Signed into law in 1965, Medicaid ensures health coverage for nearly 60 million Americans today. Since the Medicaid program was established, the costs and responsibilities for administering it have been shared between the States and the Federal Government. However, a number of OIG reports have cited examples of State policies that distort the cost-sharing arrangement, causing the Federal Government to pay more than its share of Medicaid expenditures. These mechanisms do not result in any increase in benefit to beneficiaries, and while they increase States’ funds, they do so at the expense of the Federal Government and, ultimately, Federal taxpayers.
For example, a 2014 report entitled Pennsylvania’s Gross Receipts Tax on Medicaid Managed Care Organizationsfound that a specific tax Pennsylvania introduced on Medicaid managed care organizations appears to be an “impermissible health-care-related tax” under Federal requirements. A State cannot use such funds to finance its share of Medicaid costs. However, OIG found that Pennsylvania applied a portion of what it collected from the tax to its share of Medicaid costs and, as a result, obtained nearly $1 billion in Federal Medicaid funds from 2009-2012. OIG recommended that to address this problem in Pennsylvania and other States, CMS clarify its policy concerning permissible health-care-related taxes. As a result, on July 25, 2014, CMS issued guidance to State Medicaid Directors and State Health Officials on the taxation of health-care-related services and items.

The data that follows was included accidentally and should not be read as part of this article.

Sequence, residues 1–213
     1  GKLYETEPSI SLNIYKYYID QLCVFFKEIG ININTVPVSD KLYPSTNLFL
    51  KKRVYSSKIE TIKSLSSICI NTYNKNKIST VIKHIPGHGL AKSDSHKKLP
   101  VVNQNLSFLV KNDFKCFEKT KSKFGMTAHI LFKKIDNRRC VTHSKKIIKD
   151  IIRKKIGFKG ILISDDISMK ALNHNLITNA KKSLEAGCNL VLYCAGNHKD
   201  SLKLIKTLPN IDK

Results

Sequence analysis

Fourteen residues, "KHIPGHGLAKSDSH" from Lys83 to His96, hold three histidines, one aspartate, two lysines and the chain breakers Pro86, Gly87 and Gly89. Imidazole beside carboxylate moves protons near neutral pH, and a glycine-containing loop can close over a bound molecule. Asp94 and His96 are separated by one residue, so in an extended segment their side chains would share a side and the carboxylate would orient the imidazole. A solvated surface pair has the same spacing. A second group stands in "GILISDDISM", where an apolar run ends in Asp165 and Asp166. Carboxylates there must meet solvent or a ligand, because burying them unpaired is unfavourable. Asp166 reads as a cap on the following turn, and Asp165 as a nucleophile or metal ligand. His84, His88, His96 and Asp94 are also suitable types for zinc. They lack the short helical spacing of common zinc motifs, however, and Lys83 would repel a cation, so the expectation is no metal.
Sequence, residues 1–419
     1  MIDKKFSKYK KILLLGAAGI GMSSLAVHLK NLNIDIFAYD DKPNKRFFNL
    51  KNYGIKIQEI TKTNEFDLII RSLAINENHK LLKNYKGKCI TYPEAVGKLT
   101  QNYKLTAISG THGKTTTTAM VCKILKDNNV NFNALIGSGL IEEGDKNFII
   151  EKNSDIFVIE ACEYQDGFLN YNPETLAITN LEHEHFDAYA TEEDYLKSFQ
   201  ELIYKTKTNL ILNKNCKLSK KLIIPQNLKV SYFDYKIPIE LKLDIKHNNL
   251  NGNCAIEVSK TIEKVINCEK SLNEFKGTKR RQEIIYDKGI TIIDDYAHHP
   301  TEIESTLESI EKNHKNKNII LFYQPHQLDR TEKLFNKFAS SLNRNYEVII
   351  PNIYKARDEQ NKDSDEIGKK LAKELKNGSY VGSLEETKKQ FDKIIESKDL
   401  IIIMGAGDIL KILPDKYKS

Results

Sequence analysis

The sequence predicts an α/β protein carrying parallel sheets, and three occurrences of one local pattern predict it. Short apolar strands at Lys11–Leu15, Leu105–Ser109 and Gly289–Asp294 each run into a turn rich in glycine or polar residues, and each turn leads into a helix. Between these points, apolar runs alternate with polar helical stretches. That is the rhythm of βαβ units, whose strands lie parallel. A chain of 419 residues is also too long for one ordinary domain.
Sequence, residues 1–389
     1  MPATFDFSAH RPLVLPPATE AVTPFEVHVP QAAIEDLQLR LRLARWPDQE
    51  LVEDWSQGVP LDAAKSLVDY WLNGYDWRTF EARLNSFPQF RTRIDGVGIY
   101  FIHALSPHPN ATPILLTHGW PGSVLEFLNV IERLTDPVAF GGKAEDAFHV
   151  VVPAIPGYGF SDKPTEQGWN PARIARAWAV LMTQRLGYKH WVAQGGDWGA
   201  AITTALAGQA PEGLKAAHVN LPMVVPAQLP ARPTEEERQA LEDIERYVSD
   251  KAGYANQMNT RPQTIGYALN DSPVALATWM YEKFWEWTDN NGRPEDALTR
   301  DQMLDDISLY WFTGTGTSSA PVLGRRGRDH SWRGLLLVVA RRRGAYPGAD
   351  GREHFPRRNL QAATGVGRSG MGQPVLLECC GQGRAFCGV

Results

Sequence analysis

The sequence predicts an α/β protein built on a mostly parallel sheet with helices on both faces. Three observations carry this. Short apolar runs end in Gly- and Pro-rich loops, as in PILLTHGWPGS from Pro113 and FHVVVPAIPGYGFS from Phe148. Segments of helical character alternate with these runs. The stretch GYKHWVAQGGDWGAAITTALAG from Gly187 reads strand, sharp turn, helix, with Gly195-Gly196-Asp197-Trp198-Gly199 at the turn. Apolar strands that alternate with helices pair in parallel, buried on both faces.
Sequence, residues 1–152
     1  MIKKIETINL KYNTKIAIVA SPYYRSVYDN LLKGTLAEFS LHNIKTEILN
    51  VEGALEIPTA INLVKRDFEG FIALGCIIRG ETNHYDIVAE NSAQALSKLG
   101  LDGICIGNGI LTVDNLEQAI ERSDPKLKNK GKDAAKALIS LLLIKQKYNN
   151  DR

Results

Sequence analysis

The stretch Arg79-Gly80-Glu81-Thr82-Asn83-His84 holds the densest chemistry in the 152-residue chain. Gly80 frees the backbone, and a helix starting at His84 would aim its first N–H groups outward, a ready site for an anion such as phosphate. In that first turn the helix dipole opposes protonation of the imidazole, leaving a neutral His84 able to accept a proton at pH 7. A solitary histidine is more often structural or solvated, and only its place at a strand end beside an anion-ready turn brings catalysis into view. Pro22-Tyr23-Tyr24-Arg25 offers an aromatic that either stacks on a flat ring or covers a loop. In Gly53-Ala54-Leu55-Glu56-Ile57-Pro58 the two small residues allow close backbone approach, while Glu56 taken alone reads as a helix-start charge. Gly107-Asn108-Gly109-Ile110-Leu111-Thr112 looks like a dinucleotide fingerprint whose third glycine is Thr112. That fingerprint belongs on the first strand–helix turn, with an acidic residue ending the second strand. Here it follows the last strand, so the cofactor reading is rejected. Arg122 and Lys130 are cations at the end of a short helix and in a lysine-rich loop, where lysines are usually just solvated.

State policies that inflate Federal costs for Medicaid are not a new trend; OIG identified this issue in a series of reports from the early 2000s focusing on hospitals and nursing homes. These reports found numerous examples in which States developed creative funding mechanisms to apply money from intergovernmental transfers – between government entities – to the States’ share of Medicaid costs, thus driving up the amount the Federal Government would have to match. States transferred the additional Federal Medicaid money to their general treasury funds to use for a range of purposes with no direct link to improving quality of care or increasing Medicaid services. In essence, the intergovernmental transfers reduced the States’ share of Medicaid costs and provided them with money to apply for whatever purposes they wanted by gaming the matching formula so the Federal Government would pay significantly more than its share. OIG has seen numerous examples in which States then redirected that additional money for other purposes while medical facilities remain underfunded.
Since these reports, both CMS and Congress initiated a number of changes to close this loophole, most notably the introduction of an upper payment limit for State-owned providers, non-State-owned government providers, and private providers. These changes limit the amount a State can pay for a service to the amount that Medicare would pay for that service. This restricts States’ abilities to collect excessive funds from Federal matching. The changes did produce improvements: a projected $79 billion saved over 10 years.